In the situations you describe they were probably embarrased also I have no idea how you look or dress or come across, sometimes it can be shyness, sometimes they might not know the words especially the granny other times they are pig ignorant with no manners. Same as every single country in the world you get the full spectrum of folks. I do notice it is rare for any khmer to ever hold the door open for you or say thanks if you do for them, I don't know why. With my partner and her family I often have to remind them of manners, but these are maybe my western manners I'm trying to impose, asking to say please and thanks and excuse me.
Should I be flattered you care enough about me to know where I eat?
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Re: Lack of appreciation in the KOW

Post by angkorjohn2 » Fri May 10, 2019 9:37 am

Tarndog wrote:
Fri May 10, 2019 9:23 am
angkorjohn2 wrote:
Fri May 10, 2019 8:37 am
Tarndog wrote:
Fri May 10, 2019 8:06 am
Sadly, I have had the occasion to say this several times throughout my time in Cambodia, but it bears repeating, especially after the last 24 hours.

What is it with Cambodians, who seem to lack common courtesy, appreciation or respect (toward foreigners or everyone, who can really know)? It's as though we're only here for them. I think the only reason we're tolerated is because they want our money.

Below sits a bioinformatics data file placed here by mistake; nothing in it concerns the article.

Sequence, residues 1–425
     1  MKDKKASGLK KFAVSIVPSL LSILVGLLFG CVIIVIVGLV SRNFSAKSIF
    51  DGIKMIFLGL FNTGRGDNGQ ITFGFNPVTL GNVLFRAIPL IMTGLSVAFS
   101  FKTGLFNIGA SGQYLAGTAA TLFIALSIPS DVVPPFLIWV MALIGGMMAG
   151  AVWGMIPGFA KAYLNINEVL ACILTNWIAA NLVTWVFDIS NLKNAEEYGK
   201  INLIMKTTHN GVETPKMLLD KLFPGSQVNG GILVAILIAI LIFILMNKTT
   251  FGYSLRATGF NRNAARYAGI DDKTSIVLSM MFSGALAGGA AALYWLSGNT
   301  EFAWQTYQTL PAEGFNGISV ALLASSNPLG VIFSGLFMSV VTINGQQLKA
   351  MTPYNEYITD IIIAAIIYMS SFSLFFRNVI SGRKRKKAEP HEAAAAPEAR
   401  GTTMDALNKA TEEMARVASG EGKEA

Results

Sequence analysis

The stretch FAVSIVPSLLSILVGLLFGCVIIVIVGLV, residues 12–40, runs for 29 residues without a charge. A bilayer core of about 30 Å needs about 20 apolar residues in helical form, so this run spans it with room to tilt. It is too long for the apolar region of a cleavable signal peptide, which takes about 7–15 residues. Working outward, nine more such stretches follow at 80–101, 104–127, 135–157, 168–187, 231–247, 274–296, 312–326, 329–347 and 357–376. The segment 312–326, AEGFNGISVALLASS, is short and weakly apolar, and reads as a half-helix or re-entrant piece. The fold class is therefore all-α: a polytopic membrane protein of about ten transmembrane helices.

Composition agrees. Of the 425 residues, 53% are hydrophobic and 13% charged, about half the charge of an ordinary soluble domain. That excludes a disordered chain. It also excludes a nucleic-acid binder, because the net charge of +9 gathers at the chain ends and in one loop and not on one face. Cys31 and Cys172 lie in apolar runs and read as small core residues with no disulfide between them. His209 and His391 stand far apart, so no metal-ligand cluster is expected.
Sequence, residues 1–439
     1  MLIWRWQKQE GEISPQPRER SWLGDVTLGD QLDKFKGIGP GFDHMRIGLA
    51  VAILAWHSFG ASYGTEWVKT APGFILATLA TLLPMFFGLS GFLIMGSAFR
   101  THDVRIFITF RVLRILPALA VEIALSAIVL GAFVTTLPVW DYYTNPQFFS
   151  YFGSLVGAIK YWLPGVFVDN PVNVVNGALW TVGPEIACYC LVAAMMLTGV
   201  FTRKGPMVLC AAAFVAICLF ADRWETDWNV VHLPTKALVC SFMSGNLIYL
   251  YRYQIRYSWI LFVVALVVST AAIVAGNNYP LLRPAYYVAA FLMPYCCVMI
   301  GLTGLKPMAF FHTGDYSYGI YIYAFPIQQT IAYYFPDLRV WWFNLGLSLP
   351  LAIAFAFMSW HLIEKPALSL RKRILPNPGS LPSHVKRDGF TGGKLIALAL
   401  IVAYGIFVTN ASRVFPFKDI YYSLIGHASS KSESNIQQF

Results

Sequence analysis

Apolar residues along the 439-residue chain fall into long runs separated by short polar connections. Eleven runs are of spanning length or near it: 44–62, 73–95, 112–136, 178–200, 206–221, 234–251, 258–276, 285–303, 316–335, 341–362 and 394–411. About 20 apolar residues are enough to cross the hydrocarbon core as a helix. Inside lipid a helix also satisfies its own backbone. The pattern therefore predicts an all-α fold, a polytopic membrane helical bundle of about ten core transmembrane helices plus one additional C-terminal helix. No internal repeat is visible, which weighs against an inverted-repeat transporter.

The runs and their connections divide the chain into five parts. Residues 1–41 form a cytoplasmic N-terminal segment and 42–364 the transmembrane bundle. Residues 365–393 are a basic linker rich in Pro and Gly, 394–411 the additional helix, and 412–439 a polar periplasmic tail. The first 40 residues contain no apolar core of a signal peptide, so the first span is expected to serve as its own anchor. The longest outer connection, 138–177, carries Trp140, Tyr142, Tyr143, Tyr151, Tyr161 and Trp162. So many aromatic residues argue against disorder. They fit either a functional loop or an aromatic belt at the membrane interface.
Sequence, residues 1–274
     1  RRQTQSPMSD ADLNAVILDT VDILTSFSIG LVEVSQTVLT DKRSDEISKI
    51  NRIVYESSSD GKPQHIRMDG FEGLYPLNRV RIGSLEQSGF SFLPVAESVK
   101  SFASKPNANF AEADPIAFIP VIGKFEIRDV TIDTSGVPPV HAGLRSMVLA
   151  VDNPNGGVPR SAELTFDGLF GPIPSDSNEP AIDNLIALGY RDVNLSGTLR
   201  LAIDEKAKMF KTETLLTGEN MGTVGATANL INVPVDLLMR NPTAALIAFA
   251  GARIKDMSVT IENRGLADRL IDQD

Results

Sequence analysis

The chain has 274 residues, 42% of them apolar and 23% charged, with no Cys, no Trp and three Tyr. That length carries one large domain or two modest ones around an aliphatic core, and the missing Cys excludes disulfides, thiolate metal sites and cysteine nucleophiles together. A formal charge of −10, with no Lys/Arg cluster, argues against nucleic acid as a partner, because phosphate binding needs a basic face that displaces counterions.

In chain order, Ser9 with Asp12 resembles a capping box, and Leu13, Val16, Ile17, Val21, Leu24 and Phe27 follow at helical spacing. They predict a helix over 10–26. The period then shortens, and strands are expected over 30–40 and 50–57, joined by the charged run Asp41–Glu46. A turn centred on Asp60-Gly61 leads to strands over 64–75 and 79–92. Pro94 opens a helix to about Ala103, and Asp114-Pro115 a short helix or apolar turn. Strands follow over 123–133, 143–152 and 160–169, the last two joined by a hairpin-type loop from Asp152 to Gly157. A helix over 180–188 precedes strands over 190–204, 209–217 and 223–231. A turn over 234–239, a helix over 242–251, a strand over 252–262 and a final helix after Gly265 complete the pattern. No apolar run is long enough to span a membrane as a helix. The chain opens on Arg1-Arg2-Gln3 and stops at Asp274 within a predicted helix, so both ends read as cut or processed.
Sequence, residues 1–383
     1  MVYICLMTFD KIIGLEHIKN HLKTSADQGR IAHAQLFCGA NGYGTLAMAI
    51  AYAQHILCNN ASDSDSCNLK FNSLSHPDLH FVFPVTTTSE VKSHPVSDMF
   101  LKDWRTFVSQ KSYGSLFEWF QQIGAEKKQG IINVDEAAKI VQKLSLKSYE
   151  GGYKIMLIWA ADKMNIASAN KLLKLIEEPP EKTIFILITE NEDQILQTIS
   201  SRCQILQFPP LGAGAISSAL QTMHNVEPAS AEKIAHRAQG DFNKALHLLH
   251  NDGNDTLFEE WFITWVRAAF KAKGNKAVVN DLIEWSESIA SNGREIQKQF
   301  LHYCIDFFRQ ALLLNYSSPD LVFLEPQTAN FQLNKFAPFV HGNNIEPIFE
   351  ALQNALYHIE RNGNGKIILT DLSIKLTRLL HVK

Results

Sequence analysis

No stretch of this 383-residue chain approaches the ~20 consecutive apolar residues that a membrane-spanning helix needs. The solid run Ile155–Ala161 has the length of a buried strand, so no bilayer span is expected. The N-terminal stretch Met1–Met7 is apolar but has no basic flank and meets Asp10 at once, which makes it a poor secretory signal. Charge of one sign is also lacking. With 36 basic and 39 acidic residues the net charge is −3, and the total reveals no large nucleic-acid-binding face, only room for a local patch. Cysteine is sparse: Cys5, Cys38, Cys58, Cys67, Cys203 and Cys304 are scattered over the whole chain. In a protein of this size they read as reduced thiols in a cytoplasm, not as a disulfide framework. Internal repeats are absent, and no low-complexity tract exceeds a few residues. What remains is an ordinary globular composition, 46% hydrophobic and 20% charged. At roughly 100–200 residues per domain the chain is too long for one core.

You're eating at a $2 chicken and rice place 2-3 times a day and you think Khmers only see you for your money? :facepalm:

In the situations you describe they were probably embarrased also I have no idea how you look or dress or come across, sometimes it can be shyness, sometimes they might not know the words especially the granny other times they are pig ignorant with no manners. Same as every single country in the world you get the full spectrum of folks. I do notice it is rare for any khmer to ever hold the door open for you or say thanks if you do for them, I don't know why. With my partner and her family I often have to remind them of manners, but these are maybe my western manners I'm trying to impose, asking to say please and thanks and excuse me.
Should I be flattered you care enough about me to know where I eat?
You brought it up sir, no need to get upset about it, but judging by this post you perhaps are a bit thin skinned. You think Cambodians look at you and only tolerate you because of your big western bucks whilst you eat in a cheap local place? Hardly likely.
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Re: Lack of appreciation in the KOW

Post by Tarndog » Fri May 10, 2019 9:44 am

Just curious how you know where I eat. Nothing more than that.
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Re: Lack of appreciation in the KOW

Post by angkorjohn2 » Fri May 10, 2019 9:49 am

Tarndog wrote:
Fri May 10, 2019 9:44 am